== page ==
Sometimes / Virginia MC (Flexi Disc)
The McTells, too low-fi to be properly embraced by the C-86 generation, tightly clutching N.M.E.’s…But good enough if you liked decently constructed pop songs wacked out in that, perculiar to the english, Swell Maps type sound.
This band from Hertford started off as a four piece, and these records date from that line up of ‘Bi-Joopiter’ Paul on vocals and guitar, Bill on guitar, Poison Girls and Crass supporter Stuart on bass, and ex Television Personalities member and Frank Records owner, Mark Flunder on the stand up (Mo Tucker style) drums. It must also be noted that Mark Flunder also released the 7″ single by Onslaught in 1983, a Hertford band that contained Matt who went onto drum for Steve Corr’s Idiot Strength, Matt is no longer with us unfortunatly. The Onslaught 7″ single is on this site if you care to search for it as is the Idiot Strength demo.
Bigger text HERE
After these releases Bill left to do other things, and the McTells continued on as a three piece. The band released cassettes and records on various labels (including Beat Happening’s K label out of Olympia in the U.S.A. who later on brought the world’s attention to Beck). They also performed many, generally shambolic but enjoyable gigs. The band disbanded in or around 1990.
Bill and Mark both got back together for Cee Cee Beaumont around 1993, a band that recorded a fair amount of material for Damaged Goods Records, then they started up the band Sportique later on in the 1990’s who released a fine 10″ LP entitled ‘Black Is A Very Popular Colour’ in 1999. Stu kept his day job as a gravedigger and was not involved in any band’s as far as I know after the McTells, until he started performing quite recently with The McKenzie Break, a band that are very good indeed. Paul I know nothing about what happened to him…I assume he is releasing records possibly still on Bi-Joopiter?
Give these tracks a listen, there is, unbelievably, a video produced for the ‘Virginia MC’ track on the flexi disc above, which was amazing at the time for a band as small as the McTells…Very good video it is too, I still have a copy!
Photo below show’s Penguins collection of McTells vinyl.
Text below outlining the Bi-Joopiter label originally printed in Nude magazine in 2007.
If you were ever in any doubt as to the status of home-taping as a form of folk art, then a quick rummage through the Bi-Joopiter tape archives should be enough to convince you otherwise. For here, stored in a large cardboard box, exists a treasure trove of musical recordings, mostly on cassette and featuring unique cover artwork created by the musicians themselves. You’ll find hand-painted casings containing lo-fi pop noise from Japan, as well as tapes housed in all manner of decorative and highly-impractical packaging concepts, including one which came in a foil takeaway carton.
Founded by Paul Rixon and Gillian Elam in 1983, Bi-Joopiter existed originally as a cassette-only recording label, though later they embraced vinyl.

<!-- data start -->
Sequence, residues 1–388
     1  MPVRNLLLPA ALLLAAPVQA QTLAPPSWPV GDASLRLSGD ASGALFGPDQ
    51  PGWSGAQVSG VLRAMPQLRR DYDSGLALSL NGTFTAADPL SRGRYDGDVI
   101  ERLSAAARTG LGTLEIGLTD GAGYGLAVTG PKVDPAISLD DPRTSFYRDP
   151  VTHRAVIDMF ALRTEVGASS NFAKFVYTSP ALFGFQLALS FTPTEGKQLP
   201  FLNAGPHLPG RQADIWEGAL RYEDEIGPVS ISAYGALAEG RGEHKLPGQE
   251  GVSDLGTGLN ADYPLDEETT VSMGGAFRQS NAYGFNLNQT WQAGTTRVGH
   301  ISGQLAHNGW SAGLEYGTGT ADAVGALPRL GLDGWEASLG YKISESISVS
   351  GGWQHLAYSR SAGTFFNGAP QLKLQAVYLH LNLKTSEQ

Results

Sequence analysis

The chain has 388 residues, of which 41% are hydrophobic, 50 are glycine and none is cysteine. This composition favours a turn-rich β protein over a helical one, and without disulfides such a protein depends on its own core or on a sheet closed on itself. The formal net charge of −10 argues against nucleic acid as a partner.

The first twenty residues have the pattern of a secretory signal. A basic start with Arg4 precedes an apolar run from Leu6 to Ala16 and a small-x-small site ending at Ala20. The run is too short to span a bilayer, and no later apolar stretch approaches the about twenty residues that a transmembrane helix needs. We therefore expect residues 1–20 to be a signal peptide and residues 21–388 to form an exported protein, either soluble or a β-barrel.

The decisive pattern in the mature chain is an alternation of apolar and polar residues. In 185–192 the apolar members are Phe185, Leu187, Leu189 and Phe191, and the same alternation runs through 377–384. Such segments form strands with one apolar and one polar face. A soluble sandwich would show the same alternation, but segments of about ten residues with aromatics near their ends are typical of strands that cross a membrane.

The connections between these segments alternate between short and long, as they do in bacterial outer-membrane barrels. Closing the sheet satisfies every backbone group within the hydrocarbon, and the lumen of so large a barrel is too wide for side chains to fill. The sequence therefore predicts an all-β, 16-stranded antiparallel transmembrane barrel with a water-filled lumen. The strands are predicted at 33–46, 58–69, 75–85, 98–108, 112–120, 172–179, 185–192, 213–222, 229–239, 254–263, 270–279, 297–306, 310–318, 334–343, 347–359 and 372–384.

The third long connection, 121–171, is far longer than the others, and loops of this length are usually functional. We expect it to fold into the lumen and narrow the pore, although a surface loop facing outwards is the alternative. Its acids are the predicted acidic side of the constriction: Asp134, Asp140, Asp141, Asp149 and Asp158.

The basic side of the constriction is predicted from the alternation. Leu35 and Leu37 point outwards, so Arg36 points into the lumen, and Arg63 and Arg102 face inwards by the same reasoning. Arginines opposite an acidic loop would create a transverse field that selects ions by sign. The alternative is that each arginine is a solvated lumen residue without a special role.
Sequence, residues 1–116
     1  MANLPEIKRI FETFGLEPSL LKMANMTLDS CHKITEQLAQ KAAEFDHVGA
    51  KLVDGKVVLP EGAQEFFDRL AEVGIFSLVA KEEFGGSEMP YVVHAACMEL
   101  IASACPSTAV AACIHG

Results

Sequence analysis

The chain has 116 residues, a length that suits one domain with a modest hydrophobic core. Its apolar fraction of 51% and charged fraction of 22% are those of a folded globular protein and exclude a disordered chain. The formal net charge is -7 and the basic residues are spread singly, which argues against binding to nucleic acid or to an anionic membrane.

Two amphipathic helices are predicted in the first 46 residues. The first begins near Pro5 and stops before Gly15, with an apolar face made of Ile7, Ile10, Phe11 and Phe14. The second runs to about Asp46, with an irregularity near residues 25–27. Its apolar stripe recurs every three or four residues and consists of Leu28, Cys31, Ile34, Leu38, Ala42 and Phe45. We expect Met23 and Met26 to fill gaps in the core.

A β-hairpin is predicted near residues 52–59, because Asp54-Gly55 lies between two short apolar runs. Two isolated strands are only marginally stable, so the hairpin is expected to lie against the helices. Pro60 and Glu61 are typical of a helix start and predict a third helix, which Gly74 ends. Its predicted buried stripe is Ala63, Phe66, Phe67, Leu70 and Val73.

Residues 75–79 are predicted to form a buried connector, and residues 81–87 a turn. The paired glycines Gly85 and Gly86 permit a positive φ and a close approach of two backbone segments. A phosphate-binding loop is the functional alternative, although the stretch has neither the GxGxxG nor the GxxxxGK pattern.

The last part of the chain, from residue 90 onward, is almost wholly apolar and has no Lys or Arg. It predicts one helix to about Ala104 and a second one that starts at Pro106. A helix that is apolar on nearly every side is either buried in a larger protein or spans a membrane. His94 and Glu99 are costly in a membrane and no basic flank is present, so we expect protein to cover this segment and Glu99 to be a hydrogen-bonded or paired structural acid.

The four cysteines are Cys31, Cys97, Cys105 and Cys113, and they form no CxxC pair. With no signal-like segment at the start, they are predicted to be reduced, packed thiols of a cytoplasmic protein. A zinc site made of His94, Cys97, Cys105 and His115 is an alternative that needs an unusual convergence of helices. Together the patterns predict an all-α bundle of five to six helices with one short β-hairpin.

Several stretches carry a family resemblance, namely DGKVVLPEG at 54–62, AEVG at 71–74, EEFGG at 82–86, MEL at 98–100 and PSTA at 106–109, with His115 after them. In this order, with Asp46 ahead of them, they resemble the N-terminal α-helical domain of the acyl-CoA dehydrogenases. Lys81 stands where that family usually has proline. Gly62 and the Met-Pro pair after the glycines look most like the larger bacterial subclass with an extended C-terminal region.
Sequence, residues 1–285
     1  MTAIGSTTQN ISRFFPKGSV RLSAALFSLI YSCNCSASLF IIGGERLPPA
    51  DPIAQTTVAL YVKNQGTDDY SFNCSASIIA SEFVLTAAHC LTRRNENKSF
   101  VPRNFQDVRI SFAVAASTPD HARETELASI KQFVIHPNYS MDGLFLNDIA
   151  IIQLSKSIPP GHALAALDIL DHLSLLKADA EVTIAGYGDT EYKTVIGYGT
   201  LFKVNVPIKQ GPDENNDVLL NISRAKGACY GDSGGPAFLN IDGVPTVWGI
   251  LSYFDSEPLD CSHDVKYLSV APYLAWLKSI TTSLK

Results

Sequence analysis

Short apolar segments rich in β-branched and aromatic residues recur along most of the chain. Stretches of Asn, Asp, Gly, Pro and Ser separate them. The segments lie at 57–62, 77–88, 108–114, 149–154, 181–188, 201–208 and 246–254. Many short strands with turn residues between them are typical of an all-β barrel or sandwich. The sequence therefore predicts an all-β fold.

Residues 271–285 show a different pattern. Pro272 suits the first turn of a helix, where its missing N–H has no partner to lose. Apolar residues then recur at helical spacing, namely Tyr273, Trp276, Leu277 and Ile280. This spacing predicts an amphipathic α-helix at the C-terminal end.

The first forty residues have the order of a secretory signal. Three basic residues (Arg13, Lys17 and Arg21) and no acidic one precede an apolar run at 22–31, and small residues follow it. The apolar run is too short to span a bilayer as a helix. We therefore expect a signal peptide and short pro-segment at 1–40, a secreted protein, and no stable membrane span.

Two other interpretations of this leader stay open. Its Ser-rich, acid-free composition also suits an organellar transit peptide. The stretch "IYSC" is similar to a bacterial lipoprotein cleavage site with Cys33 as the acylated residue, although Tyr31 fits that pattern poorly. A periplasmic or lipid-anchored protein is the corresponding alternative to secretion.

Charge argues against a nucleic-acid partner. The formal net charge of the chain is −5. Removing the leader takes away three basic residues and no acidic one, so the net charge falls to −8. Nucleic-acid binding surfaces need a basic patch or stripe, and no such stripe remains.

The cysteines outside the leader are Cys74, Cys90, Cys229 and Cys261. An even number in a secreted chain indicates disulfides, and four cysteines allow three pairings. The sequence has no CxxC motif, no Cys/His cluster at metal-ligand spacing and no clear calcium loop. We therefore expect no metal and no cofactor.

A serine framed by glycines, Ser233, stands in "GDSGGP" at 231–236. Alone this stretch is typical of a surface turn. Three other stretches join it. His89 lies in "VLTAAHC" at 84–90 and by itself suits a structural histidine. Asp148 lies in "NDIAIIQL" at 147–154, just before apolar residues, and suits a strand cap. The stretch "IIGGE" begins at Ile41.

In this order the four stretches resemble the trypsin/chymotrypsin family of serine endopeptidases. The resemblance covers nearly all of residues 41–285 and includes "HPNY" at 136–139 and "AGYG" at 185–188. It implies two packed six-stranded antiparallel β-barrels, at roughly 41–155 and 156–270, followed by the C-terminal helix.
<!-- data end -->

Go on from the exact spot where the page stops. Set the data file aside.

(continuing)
‘The whole idea of a cassette label drew upon the DIY ethic of punk, but more so.’ explains Paul. ‘Rather than the notion that you can make your own record, it was more; you can do your own tape at home, with no need to involve record companies, pressing plants and distributors, at all.’
Initially, Bi Joopiter’s output consisted of Paul’s own band, The McTells, as well as recordings of friends who were involved in music. And it was through those early releases that the pair realised that there were a whole lot of other people out there putting out cassette-only releases.
‘People would send us stuff to include in our catalogues and we’d put out compilation tapes of the material people sent in which we liked,’ says Gillian. ‘The economics were that you would produce 500 cassettes, but you couldn’t sell 500 in your own territory, but if you sent 400 abroad they could sell them there and in exchange you could sell their ones.’ adds Paul.
Meanwhile, Bi-Joopiter’s catalogues evolved into little zines, often featuring Dadaist slogans and featuring colour screenprints by Gillian.
‘At the time we really liked the idea of mail art and the notion of sending out packages which looked really nice, and getting stuff in return. A lot of people who got involved with Bi-Joopiter via our compilation tapes were expressing themselves with creative ways of packaging, which in themselves were an anti commercial statement, simply because you couldn’t display most of them in a record shops.
But despite the Dadaist slogans that sometimes appeared in their catalogues, Paul maintains that Bi-Joopiter wasn’t overtly political. Instead he explains,
‘it was very much an anti-copyright ethos. It was the idea that you can copy this and give to other people.’
Eventually, Bi-Joopiter moved from cassettes to vinyl, ‘but still with the same ethos of swapping ideas and supporting others.’ says Gillian.
But as Paul concludes, ‘Everything has a natural lifespan and so did Bi-Joopiter, particularly the cassette thing, because after a while people stopped making them in the same number.’
Happy 40th birthday to my friend and T.H.F.C buddy, Iain H (A.K.A. Aitch).
I shared a house in Hertford with Iain and Jo-Anne all through 1989, cor 20 years ago, unbelievable!
£30 a month (each) with five acres of woodland around the house…Nice and rural, in the middle of nowhere…Just perfect.
Iain now writes freelance on many subjects for various magazines and papers, and is the author of two books. He is also a supporter of this site and is symphetic to anarcho – punk rock in general.
Details of his site are in the KYPP links section…